Chancellor George Osborne states UK’s youth will retire at 70

George Osborne is to use his autumn statement on Thursday to postpone British citizen’s retirement age to 70.

The move, which is linked to increasing life expectancy, could save the Government GBP 500 billion over the next half century.

In what has been described as the biggest pension reforms since the actual introduce of the UK state pension in 1908, today’s youth will have to wait until the mid-2060s before being able to retire.

Osborne’s statement is part of an effort to cement a long-term “responsible recovery” as Britain emerges from years of austerity.

The chancellor is also demanding GBP 1 billion in additional spending cuts to focus voters on the economy as the Government seeks to restore public finances and youth unemployment.

Cameron highlighted the new measures during his recent trade mission to China, “We have been working to a long-term plan and what you are going to see in this autumn statement is the next steps in that long-term plan, a long-term plan to turn the country around.”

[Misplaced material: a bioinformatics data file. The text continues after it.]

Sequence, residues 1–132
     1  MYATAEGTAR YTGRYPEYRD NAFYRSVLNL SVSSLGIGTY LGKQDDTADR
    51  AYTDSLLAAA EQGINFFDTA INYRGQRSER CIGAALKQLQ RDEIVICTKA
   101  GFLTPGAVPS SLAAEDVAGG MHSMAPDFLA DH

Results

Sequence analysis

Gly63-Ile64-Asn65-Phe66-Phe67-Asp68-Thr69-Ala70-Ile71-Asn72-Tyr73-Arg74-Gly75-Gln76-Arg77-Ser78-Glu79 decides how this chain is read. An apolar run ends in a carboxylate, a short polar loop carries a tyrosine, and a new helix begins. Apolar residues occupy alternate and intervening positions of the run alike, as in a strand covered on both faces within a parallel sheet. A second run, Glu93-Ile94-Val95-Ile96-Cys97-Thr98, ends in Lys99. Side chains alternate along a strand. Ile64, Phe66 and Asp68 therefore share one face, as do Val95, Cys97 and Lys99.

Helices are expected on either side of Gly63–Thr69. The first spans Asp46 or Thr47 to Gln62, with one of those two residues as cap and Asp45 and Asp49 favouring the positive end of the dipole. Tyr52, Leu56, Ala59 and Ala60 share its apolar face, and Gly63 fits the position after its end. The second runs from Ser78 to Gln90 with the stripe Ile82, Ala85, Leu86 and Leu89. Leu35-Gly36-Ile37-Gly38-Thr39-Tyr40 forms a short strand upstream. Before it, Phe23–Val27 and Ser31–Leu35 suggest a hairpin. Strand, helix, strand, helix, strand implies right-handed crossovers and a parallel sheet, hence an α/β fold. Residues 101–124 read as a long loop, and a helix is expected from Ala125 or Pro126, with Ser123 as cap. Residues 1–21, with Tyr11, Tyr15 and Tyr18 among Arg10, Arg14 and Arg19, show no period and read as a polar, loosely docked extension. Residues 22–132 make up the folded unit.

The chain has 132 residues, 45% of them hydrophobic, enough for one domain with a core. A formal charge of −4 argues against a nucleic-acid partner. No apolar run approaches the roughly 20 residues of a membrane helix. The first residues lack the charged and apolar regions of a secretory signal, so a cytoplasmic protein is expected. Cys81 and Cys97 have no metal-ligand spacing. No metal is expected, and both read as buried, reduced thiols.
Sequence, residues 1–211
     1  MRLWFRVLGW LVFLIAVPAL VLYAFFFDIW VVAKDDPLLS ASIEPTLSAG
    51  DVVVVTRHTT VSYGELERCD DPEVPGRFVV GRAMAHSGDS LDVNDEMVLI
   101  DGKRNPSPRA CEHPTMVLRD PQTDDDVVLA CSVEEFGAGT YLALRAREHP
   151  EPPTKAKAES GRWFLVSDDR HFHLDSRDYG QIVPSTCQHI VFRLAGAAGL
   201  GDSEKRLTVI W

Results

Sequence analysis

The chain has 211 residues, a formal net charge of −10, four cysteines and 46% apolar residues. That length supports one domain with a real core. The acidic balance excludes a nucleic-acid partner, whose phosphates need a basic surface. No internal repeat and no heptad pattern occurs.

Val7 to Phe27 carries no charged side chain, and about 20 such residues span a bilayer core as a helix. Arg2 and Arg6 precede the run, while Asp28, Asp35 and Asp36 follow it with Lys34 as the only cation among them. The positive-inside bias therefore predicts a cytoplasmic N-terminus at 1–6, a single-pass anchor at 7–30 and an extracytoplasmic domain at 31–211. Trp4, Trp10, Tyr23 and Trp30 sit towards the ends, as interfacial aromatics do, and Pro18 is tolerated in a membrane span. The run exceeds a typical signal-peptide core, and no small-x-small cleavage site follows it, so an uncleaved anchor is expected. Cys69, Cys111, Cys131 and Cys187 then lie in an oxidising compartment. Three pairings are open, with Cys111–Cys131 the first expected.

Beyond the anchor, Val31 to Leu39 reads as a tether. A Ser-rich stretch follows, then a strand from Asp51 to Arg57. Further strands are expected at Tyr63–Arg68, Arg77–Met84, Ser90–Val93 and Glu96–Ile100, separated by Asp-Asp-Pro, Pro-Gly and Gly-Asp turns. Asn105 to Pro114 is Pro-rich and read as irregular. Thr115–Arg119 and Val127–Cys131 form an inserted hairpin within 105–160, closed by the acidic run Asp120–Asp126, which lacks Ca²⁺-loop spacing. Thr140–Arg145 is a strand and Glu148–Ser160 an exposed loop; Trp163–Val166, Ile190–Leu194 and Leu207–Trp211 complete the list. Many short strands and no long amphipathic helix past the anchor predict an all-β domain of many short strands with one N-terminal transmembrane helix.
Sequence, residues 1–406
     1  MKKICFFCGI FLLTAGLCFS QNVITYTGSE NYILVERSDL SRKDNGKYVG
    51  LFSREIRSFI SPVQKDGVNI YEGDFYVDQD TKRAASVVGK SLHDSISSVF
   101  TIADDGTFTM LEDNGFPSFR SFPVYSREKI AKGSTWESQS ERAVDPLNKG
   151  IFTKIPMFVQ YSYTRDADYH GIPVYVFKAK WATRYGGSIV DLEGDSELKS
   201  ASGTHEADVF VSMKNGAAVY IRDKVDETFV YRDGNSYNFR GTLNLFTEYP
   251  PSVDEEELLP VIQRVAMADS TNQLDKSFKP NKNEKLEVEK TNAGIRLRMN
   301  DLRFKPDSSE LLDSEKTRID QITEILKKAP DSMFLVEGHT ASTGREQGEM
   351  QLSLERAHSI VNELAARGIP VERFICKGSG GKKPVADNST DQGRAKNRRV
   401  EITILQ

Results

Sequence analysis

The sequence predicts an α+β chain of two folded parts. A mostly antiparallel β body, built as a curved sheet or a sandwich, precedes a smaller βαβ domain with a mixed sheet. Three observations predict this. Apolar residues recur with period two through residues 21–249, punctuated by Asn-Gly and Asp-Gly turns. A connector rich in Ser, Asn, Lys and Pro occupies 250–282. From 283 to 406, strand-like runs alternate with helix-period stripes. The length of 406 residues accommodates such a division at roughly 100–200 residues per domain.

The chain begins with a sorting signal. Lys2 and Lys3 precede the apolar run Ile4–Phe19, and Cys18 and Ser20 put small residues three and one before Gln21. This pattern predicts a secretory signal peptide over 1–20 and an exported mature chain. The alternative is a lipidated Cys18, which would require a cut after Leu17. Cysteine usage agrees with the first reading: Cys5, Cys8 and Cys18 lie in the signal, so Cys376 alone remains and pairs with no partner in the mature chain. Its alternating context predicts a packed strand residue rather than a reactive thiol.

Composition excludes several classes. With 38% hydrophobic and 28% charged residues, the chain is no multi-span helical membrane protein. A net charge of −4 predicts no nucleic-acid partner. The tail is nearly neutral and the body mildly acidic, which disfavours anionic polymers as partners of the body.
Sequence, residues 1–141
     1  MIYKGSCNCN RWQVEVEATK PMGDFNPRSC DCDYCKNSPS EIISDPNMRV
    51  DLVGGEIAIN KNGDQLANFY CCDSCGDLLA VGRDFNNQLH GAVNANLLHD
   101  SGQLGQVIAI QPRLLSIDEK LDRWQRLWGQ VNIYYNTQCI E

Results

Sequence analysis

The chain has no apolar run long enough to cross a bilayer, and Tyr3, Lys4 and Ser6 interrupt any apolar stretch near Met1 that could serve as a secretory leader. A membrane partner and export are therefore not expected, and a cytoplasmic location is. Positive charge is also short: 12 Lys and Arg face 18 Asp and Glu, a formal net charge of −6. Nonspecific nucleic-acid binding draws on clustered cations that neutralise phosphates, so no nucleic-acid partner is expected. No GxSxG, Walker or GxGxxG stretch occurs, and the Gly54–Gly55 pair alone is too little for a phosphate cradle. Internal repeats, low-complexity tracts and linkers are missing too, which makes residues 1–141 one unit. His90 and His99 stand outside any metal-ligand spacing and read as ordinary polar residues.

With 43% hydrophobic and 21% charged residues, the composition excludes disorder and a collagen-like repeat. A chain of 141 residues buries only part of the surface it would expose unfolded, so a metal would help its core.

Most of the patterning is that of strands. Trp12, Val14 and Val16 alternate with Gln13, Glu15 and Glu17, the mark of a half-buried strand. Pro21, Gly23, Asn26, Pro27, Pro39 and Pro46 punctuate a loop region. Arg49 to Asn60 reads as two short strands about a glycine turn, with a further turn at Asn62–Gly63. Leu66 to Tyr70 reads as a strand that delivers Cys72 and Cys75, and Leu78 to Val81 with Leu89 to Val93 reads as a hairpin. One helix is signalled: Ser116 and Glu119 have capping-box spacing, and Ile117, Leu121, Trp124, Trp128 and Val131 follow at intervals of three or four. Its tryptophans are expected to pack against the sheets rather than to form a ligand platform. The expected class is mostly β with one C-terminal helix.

He also stated the plan will “get us [the UK] out of our difficulties with debt and deficit and to secure jobs and recovery for all our people – a recovery for all.”

Retirement “rule of thumb”

Having already announced the state pension age is to be deferred to 67 years of age by 2028, the Government is to accept the findings of the Department of Work and Pensions review which uses ONS data for future deferrals.

The review will begin in the next parliament and report every five years

The Department recommends an individual should spend roughly a third of their adult life in retirement – a principle highlighted by Deputy Prime Minister Nick Clegg as being “the rule of thumb for a long time.”

The stipulated changes would see people born from the mid-1960s and later notice a dramatic increase between their own retirement age, and that of their parents.

By 2050, the UK Government predicts the retirement age will be lifted to 65 in Mexico, 65 in Japan, 67 in Germany, 67 in the USA, and 68 in Greece.

Read our insights and find out what countries have the lowest retirement age.

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